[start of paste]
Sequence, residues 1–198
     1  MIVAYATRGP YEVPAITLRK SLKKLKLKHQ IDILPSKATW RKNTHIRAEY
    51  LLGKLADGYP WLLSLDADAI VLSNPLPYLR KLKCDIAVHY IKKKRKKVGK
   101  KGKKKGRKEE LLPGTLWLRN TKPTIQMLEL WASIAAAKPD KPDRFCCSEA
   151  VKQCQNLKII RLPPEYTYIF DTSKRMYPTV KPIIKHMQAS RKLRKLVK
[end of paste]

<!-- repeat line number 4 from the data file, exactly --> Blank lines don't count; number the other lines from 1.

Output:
   101  KGKKKGRKEE LLPGTLWLRN TKPTIQMLEL WASIAAAKPD KPDRFCCSEA